The closer this gets, the more I like Georgia’s chances – and I’ve never disliked Georgia chances. A leaky defense is like a rising tide: It can lift all boats, presumably even Jake Fromm’s.
Here’s another cliché/bromide, borrowed from a different sport: Good pitching stops good hitting. Georgia’s defense won’t shut down LSU’s offense in the SEC Championship game, but it won’t allow the Tigers to score 35 points, either. At issue is whether the Bulldogs’ offense, which hasn’t scored more than 27 points in an SEC game since Oct. 5, can break 30 itself.
LSU’s SEC opponents averaged 25.5 points. Georgia didn’t allow more than 17 in regulation in any conference game. (South Carolina hit 20 in overtime.) The road to ruin is paved with comparative scores, but sometimes they’re irresistible. Vanderbilt had 38 points against the Tigers; the Commodores got 10 against the Bulldogs. Florida had 28 against LSU, 17 against Georgia. Auburn had 20 and 14, respectively. Of the common foes, only Texas A&M scored bigger against Georgia (13) than the Tigers (seven).
When a great offense is matched against a great defense, neither is apt to dominate the other. Such a game is usually decided by the lesser units. That was essentially the story of Georgia’s overtime victory over Oklahoma on New Year’s Day 2018: The Sooners’ defense, which finished 67th nationally in yards against, turned the Bulldogs’ offense into a match for Lincoln Riley’s. Final score in double OT: Georgia 54, Oklahoma 48.
Such a shootout won’t happen Saturday. This Georgia offense can’t score like that against anybody. (Well, anybody except Georgia Tech.) That said, this offense isn’t as bad as advertised. It finished fifth among SEC teams in yards, fourth in passing efficiency, third in third-down conversions. LSU’s defense was ninth among SEC teams in yards against, 35th nationally. This isn’t to be confused with a Big 12 defense, but it’s not an immovable object, either. Four teams have scored 35 or more against it.
The Tigers got great mileage from their schedule, but look now. LSU’s two best victories, per the College Football Playoff rankings, were over No. 9 Florida and No. 11 Auburn. Both games were played in Baton Rouge. Georgia beat the same two teams, neither game being staged in Sanford Stadium. LSU’s big non-conference game was Texas. The Longhorns lost 45-38. Georgia’s out-of-league test was Notre Dame. The Fighting Irish lost 23-17. Notre Dame finished 10-2; Texas went 7-5.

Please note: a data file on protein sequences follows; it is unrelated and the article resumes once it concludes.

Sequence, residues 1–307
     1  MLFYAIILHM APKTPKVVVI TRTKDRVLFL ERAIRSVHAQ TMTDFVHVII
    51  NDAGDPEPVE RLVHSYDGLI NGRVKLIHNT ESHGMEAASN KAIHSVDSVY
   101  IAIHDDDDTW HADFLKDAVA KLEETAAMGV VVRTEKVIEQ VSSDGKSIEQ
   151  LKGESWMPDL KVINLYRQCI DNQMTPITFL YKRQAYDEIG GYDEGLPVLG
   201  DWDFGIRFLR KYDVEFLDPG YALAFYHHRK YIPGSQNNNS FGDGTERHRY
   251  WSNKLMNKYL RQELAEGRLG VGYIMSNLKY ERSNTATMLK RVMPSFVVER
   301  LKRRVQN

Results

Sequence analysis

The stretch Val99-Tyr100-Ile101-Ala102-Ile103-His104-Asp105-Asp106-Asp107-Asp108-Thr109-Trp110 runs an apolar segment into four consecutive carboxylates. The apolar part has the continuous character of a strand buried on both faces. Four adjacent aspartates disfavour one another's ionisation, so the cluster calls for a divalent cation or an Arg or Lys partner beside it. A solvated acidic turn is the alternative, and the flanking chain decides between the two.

Yes, the Tigers beat Alabama in Tuscaloosa with Tua Tagovailoa, and yes, Georgia lost at home to a bad South Carolina team down to its No. 3 quarterback by game’s end. If you’re wondering why LSU deserves to be favored (and you’re probably not), there it is. It hasn’t lost, while Georgia lugs the worst loss of any ranked team. But the Bulldogs responded to that egregious reversal the way you figured, more or less. They’re playing for the SEC title and a spot in the CFP’s field of four yet again.
The best thing about Georgia under Kirby Smart – this might sound like faint praise, but it isn’t – is that it doesn’t often mess up. It jammed a season’s worth of howlers into four quarters plus two OTs against South Carolina. Fromm hasn’t thrown an interception since. The Bulldogs make you beat them. In four playoff-level games – the 2017 and 2018 SEC Championship games, the 2017 CFP semi and final – only Alabama has done that, and both times it had to override a double-digit deficit behind a No. 2 quarterback.
What happens if LSU falls behind? It hasn’t trailed at halftime this season. It hasn’t trailed in the second half since falling behind Auburn by a field goal on Oct. 26. Its biggest second-half deficit was seven points for 3:42 of the third quarter against Florida on Oct. 12. It led Bama by 20 after 30 minutes, Texas A&M by 21 after 13-1/2. If the Tigers catch a flying start Saturday, the game’s over.
But let’s say Georgia doesn’t allow the Tigers to achieve separation. Let’s say the Bulldogs score first. Let’s say halftime arrives with Georgia up 16-14. Let’s say the game becomes the sort of grinder LSU hasn’t lately seen, the kind that Georgia has played a half-dozen times already. Let’s say Smart’s team runs the ball and, via Fromm, moves the sticks and, via Rodrigo Blankenship, finishes every promising possession with points.
Let’s say LSU scores with two minutes left to nose ahead 24-23. (Don’t say nobody can hold these Tigers to 24 points. Auburn held them to 23.) Could Fromm, game manager, put Georgia in position to win against LSU’s defense? Yes indeed. The bigger question would be if Smart could manage the clock, but let’s say this time he does.
That would leave it to Rodrigo, folk hero, to win it. Which he will. Georgia 26, LSU 24.
Yeah, I’m crazy. But Mad MB has a feeling about this one.
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